16 January 2014
The announcement by the government of penalties from next month of up to £20,0001 for employers who break the law and flout the national minimum wage, with possibly even tougher sanctions to come, is a clear warning shot across the bows of the hairdressing industry, the National Hairdressers’ Federation has said.
Hairdressing was last autumn highlighted by the government as one of the worst offenders when it came to industries that fail to pay apprentices their correct NMW rate.
Salons therefore need to recognise the government is deadly serious about enforcement and should be checking their systems, procedures and payroll as a matter of priority to ensure they are completely compliant with NMW regulations, chief executive Hilary Hall has advised.
The government is making it very clear it will not tolerate employers flouting the law and failing to pay staff their proper national minimum wage.
“Rightly or wrongly, hairdressing already has a bad name for paying below the minimum wage. Failing to pay the wage not only harms the reputation of an individual salon and – now – could cost them dear, it is also deeply damaging to our whole industry.
“Hairdressers must ensure they are sticking absolutely to the letter of paying the wage. NHBF standard employee contracts include an obligation that a salon pays the national minimum wage. Membership of the Federation can therefore send out a powerful message to the public and politicians that a salon is reputable, legal and setting the standard for the rest of the industry.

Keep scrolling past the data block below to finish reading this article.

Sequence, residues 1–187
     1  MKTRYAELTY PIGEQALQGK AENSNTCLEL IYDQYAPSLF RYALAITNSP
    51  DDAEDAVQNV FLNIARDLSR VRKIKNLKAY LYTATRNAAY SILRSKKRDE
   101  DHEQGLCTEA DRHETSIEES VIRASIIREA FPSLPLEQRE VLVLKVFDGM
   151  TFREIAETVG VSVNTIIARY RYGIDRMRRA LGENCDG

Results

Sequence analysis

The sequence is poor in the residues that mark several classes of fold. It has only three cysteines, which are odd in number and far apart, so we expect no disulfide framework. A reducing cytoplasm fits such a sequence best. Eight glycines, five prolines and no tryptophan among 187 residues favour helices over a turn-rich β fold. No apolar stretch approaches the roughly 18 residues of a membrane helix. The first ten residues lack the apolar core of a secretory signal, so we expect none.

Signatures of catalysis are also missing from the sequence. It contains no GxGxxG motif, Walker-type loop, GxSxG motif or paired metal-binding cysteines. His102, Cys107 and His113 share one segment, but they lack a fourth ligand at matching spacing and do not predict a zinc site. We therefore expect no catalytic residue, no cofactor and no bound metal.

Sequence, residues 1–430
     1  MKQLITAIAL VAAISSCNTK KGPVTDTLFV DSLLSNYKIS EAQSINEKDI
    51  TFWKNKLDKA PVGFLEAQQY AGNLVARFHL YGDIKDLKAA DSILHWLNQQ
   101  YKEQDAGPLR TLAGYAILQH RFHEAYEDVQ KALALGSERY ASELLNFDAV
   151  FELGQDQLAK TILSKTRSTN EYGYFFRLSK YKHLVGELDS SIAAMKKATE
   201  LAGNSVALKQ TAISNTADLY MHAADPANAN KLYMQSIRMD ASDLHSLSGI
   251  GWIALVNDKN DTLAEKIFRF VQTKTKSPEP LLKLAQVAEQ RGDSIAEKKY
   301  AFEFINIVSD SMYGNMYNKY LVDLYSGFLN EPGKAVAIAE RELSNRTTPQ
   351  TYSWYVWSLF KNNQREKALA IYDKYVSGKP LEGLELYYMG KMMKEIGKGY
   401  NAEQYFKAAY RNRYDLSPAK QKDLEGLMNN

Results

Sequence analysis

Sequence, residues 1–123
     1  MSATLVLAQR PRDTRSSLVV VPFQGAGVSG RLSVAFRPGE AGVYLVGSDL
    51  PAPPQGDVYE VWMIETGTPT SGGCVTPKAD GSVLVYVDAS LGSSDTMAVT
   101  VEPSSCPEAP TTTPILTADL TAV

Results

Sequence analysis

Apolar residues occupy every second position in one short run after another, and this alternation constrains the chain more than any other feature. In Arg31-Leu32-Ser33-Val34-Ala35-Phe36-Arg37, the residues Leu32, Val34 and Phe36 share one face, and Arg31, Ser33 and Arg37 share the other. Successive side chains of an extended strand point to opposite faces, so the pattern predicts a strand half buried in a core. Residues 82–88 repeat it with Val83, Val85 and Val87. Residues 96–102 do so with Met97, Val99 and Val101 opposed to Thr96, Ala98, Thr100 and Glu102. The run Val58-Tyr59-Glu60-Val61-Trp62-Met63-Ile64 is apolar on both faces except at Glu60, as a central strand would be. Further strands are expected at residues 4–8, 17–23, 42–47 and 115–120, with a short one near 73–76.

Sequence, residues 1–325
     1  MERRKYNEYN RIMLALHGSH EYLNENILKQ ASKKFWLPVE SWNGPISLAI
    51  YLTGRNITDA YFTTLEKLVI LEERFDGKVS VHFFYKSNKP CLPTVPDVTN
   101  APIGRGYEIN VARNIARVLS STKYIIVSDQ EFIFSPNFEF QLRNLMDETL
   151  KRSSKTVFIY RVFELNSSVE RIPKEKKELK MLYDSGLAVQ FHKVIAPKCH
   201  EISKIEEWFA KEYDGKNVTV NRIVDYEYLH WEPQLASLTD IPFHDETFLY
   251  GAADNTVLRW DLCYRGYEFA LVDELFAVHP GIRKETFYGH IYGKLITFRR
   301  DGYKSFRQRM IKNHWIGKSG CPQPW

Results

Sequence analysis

“Finally, as well as enforcement, we’d like to see the government doing more around education and advice. We know from members they often find administering the different minimum wage rates2 to be complex, therefore more support to help small businesses meet their obligations would be welcome.”
- Currently employers that break NMW law must pay the unpaid wages plus a financial penalty, calculated as 50% of the total underpayment for all workers found to be underpaid. The maximum penalty an employer can face is £5,000. Under the new plans, thefinancial penalty percentage will rise from 50% to 100% of the unpaid wages owed and the maximum penalty will increase from £5,000 to £20,000. The regulations are expected to come into force from February.The government has also said it will bring in legislation to allow the maximum £20,000 penalty to be applied to each underpaid worker.
- The national minimum wage is set at varying hourly rates based on age or whether an employee is an apprentice. Currently these are:
- 21 and over: £6.31
- 18 to 20: £5.03
- Under 18: £3.72
- Apprentice*: £2.68
*This rate is for apprentices under 19 or those in the first year of their apprenticeship.